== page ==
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November 5, 2012

One nasty hurricane more than enough for one lifetime

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The Daily Star

---- — Hey, Sandy! Don’t let the door hit you on the way out.

There’s no question that our region dodged a bullet with the most recent hurricane to blow our way. I wonder if hurricanes every couple of years are going to be the norm in upstate New York. It really seems unthinkable, doesn’t it?

I rode out a major hurricane once. I don’t intend to ever do that again.

It was 1983, and Hurricane Alicia came roaring across the Gulf of Mexico right at my (then) home in Houston. I lived on the second floor of a condominium in the southwestern part of the city. We were not told to evacuate because, well, hurricanes usually do not strike Houston, some 60 miles north of a hurricane’s usual “punching bag,” Galveston. But Alicia was different. It chewed through Galveston and was on Houston’s doorstep within 24 hours.

They take their hurricanes very seriously in the Lone Star State. My brother Jim and his wife (a native Texan appropriately named Sandy) were my hurricane preparedness tutors. In those days, every paper bag at the supermarket had a printed hurricane map on the front of it. Shortly after my arrival in the Bayou City, Jim explained to me what to do with it. You listened to your favorite TV weatherman give the day’s hurricane coordinates and then you marked it down on your grocery bag and tacked it onto your kitchen wall. Everybody did this. Including this newcomer.

That year, 1983, was the first time I’d ever heard about duct taping your windows to prevent shattering glass. It was the first time I ever heard about throwing your patio furniture into the swimming pool so you knew where it would be after the storm passed. About filling a bathtub so you’d have some “flushing power” when the electricity went out. About how “you can never have too many batteries.” About stocking up with Pearl longnecks and Antone’s po’boys for the “survivor’s party.”

And yes, I did all these.

I’ll never forget the front page of the Houston Chronicle newspaper the day before Alicia hit. No words at all. Just a full-page color satellite photograph of the hurricane. It completely filled the Gulf. Its white cloud mass covered the panhandle of Florida, Biloxi, Baton Rouge, New Orleans, the Texas gulf coast and the coast of Mexico. Believe me, no words were needed.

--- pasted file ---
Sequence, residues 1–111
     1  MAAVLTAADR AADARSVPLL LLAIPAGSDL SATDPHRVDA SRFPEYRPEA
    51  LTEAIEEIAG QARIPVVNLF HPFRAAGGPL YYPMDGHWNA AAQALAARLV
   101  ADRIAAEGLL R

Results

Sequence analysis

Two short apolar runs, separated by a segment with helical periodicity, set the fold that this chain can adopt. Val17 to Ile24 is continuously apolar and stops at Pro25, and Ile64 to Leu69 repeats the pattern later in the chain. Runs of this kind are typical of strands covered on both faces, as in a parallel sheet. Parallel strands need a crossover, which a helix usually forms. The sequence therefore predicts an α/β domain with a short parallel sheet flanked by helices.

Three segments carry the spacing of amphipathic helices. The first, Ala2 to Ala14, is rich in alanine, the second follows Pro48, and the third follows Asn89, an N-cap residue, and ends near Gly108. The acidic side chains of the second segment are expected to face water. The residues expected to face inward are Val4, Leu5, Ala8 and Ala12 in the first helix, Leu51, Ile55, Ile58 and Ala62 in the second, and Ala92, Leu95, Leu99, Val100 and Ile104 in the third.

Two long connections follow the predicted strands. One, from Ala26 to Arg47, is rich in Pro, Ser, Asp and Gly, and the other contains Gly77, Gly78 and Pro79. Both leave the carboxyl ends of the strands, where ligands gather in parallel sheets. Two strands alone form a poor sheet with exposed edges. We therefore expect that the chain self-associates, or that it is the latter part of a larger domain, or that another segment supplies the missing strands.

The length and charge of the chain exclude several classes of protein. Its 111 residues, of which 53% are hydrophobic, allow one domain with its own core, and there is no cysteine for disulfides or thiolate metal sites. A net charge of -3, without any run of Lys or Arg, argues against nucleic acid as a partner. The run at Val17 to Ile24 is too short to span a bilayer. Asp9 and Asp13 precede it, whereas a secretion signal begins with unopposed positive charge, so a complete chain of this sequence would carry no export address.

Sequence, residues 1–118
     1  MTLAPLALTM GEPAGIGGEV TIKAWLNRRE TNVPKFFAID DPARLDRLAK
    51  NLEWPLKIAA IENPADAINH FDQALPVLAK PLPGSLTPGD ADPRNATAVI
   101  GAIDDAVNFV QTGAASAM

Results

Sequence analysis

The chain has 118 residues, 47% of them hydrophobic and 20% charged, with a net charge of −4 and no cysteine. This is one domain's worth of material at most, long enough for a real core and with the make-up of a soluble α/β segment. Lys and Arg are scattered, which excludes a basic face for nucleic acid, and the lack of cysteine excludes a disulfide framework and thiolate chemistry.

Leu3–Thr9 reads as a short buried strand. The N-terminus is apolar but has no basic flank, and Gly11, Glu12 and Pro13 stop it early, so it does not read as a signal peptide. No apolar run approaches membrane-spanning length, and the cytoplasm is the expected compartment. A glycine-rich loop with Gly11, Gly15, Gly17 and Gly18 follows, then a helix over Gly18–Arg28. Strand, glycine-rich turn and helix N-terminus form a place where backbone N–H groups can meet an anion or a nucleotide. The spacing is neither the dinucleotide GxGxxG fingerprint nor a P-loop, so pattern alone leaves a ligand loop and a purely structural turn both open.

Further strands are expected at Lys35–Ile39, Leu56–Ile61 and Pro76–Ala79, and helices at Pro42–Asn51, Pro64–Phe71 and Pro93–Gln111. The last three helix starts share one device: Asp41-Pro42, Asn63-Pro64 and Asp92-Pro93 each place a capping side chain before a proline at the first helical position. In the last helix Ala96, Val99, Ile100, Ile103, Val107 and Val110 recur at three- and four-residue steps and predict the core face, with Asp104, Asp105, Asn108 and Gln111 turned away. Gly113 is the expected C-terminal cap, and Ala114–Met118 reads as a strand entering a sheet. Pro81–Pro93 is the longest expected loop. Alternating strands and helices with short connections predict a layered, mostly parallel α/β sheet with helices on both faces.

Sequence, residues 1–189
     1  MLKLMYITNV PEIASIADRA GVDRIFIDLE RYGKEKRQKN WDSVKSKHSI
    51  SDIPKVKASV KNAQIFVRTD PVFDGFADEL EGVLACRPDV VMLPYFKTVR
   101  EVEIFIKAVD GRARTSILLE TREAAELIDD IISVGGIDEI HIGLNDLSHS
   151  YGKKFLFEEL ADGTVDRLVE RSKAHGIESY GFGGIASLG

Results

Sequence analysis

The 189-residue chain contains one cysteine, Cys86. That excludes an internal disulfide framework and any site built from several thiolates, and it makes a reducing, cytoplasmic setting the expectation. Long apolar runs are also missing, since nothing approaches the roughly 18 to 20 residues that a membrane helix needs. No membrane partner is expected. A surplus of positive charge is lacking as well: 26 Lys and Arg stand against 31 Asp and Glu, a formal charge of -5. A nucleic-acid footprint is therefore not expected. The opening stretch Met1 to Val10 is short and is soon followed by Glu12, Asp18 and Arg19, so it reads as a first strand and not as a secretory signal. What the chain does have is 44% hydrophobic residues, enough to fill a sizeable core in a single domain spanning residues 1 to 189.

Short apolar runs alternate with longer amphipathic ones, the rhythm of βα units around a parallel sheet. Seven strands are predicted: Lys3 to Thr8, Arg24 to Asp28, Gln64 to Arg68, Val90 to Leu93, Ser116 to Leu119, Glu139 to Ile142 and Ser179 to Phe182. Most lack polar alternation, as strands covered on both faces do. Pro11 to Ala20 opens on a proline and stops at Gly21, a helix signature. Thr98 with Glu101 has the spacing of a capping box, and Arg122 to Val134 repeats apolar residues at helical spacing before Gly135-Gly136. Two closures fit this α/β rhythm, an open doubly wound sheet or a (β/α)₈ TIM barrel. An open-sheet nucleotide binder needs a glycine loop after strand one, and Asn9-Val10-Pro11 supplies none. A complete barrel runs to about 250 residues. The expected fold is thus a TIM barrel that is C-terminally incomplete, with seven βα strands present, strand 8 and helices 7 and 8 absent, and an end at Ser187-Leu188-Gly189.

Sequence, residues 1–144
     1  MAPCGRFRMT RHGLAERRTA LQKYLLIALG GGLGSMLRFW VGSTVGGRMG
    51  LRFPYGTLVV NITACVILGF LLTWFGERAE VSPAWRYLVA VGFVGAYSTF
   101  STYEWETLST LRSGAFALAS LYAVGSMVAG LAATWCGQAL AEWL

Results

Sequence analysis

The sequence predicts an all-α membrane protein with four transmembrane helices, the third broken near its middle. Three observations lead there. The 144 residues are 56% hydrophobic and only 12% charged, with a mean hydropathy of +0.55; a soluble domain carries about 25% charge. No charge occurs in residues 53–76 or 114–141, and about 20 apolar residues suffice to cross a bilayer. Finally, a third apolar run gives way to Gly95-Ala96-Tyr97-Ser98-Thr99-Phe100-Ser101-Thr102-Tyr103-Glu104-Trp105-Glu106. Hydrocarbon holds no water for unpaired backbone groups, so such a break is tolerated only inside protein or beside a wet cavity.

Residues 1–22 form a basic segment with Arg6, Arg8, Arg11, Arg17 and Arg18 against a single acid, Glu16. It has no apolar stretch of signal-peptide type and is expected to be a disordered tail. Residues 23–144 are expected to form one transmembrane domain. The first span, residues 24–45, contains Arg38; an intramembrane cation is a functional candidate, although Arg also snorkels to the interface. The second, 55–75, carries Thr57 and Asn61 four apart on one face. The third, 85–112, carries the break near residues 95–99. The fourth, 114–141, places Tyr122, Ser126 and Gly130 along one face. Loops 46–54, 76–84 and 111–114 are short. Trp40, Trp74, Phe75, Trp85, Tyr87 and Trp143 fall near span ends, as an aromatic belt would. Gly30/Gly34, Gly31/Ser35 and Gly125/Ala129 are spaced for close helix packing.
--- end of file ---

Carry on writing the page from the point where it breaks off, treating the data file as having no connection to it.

Alicia barreled into Houston on the night of Aug. 18. Of course, it came at night. It just added to the fear that soon consumed everyone. The wind howled like a banshee outside our doorstep, and the power went out almost immediately. It was August in Texas, so you can imagine where the thermometer went. Up to 90 degrees inside! 

The rain pelting the roof sounded like God was dropping a bag of tiny nails down upon us. When I stepped out on my patio I saw the fury for myself. It was raining horizontally. The pool below (yes, the one with our patio furniture in it) had whitecaps. Someone’s push lawn mower flew across the driveway about three feet above the ground. I hastily beat feet back inside.

Ultimately, Hurricane Alicia did $2.6 billion dollars in damage and killed 21 people. It ranks as one of the worst hurricanes to ever hit Texas and as the single worst storm ever to make a direct hit on Houston. The damage in the glass canyons of Houston’s futuristic urban center was so severe that foot traffic was banned for three days. More than 5,000 windows were blown out of their sills, raining glittering, deadly shards of thick commercial glass panes down onto the street below. Three thousand structures across the city suffered damage.

In hopes of helping to erase the nightmare of this storm, the name “Hurricane Alicia” was retired to the soggy heap of major disaster names never to be used again.

And so I can say that yes, I did actually ride out a hurricane once. And the next day when everyone emerged, we tiptoed around our property, quietly surveying the damage. Everything was twisted, gnarly and off-center. But we made it. We shook hands with strangers and went and visited our loved ones and friends.

Even though I will admit there was a certain undeniable thrill to muscling your way through an epic event like a hurricane, I will never do it again. It wasn’t worth the fear, the uncertainty or the risk.

And it certainly wasn’t worth the longnecks or the po’boys.

I’ll catch you in two ...

“Big Chuck” D’IMPERIO can be heard on weekdays beginning at 6 a.m. on WDOS-AM 730 in Oneonta, and also on Thursday nights from 7-9 p.m. on WSRK-FM 103.9 for his “Oldies Jukebox Show.” You can find “Big Chuck” on Facebook under Upstate New York Books. He invites you to contact him at wdosbigchuck@aol.com. His columns can be found at www.thedailystar.com/bigchuck.